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How to Use Operators for Quantities in Quantum Physics

In quantum physics, you can use operators to extend the capabilities of bras and kets. Although they have intimidating-sounding names like Hamiltonian, unity, gradient, linear momentum, and Laplacian, these operators are actually your friends.

Taking the product of a bra and a ket,

image0.png

is fine as far as it goes, but operators take you to the next step, where you can extract physical quantities that you can measure.

Here’s the general definition of an operator A in quantum physics: An operator is a mathematical rule that, when operating on a ket,

image1.png

transforms that ket into a new ket,

image2.png

in the same space (which could just be the old ket multiplied by a scalar). So when you have an operator A, it transforms kets like this:

image3.png

For that matter, the same operator can also transform bras:

image4.png

Here are some examples of how you can use operators:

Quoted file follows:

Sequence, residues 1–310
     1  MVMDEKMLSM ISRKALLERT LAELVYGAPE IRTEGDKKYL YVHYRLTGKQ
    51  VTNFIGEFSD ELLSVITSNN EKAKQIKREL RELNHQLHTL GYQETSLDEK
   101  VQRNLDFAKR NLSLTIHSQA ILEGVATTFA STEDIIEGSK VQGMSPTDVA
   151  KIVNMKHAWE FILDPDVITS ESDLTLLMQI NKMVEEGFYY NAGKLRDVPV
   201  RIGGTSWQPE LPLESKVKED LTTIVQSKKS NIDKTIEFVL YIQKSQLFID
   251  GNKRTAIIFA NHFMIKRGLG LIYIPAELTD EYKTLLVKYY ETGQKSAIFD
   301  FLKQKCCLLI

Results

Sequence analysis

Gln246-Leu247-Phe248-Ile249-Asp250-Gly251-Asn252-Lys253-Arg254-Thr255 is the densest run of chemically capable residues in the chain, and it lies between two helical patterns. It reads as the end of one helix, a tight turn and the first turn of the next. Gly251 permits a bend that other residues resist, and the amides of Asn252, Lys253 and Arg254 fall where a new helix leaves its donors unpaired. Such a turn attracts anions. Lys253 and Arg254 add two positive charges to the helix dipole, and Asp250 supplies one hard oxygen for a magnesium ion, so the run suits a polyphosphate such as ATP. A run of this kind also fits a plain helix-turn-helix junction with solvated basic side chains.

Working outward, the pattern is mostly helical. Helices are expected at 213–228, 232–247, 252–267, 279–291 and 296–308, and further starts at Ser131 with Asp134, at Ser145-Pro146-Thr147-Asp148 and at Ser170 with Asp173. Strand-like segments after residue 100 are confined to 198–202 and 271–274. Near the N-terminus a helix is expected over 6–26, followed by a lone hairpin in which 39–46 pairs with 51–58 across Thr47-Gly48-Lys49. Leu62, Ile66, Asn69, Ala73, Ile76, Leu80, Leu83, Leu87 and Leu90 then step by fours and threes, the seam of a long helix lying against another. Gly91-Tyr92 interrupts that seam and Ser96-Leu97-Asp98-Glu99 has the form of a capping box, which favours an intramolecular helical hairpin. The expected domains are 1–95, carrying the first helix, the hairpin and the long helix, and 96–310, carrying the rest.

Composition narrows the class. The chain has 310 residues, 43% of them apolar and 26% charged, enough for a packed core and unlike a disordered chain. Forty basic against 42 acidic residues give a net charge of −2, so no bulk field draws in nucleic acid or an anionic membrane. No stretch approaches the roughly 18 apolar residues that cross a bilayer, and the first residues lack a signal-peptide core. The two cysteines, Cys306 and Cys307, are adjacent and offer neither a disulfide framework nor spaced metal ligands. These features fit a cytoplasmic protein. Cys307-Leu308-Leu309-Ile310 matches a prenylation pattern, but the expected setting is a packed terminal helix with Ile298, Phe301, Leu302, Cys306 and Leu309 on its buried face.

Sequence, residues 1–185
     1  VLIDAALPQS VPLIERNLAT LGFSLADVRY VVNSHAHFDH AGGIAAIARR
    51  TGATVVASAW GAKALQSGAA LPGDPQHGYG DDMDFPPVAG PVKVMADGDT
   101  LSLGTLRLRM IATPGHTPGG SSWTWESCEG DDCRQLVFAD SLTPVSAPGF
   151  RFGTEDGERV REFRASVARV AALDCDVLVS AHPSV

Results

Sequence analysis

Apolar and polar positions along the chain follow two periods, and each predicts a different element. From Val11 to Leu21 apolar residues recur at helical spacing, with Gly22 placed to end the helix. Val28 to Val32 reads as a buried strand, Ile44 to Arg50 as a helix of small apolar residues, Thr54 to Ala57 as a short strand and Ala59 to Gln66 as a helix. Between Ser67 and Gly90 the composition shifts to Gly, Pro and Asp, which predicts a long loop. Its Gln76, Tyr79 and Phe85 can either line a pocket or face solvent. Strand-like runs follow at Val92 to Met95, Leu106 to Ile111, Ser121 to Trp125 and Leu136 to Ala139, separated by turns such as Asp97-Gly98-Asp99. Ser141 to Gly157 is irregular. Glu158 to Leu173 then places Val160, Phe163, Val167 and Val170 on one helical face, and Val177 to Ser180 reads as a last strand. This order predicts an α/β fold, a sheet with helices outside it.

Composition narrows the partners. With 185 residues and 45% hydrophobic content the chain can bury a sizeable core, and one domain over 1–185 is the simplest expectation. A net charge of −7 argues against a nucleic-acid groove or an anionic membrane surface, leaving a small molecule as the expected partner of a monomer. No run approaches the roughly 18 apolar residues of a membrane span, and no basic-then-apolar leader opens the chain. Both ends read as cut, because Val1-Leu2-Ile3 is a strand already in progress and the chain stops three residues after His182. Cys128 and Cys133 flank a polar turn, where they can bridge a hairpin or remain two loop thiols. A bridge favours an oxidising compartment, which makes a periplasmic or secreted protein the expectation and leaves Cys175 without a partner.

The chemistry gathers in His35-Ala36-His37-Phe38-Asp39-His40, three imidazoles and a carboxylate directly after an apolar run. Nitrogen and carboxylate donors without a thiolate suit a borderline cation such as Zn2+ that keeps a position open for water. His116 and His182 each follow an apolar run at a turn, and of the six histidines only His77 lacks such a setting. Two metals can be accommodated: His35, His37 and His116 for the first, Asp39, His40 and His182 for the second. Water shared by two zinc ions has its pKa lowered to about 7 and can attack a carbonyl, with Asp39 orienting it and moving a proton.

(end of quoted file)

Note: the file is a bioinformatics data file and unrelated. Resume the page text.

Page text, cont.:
• Hamiltonian. Applying the Hamiltonian operator, H (which looks different for every different physical situation) gives you E, the energy of the particle represented by the ket

    image5.png

    E is a scalar quantity:

    image6.png
  • Unity or identity. The unity or identity operator, I, leaves kets unchanged:

    image7.png
  • *Gradient. The gradient operator,

    image8.png

    works as follows:

    image9.png
  • Linear momentum. The linear momentum operator, P, looks like this in quantum mechanics:

    image10.png
  • Laplacian. You use the Laplacian operator,

    image11.png

    which is much like a second-order gradient, to create the energy-finding Hamiltonian operator:

    image12.png

Keep in mind that multiplying operators together is not usually the same independent of order, so for the operators A and B,

image13.png

And an operator A is said to be linear if

image14.png
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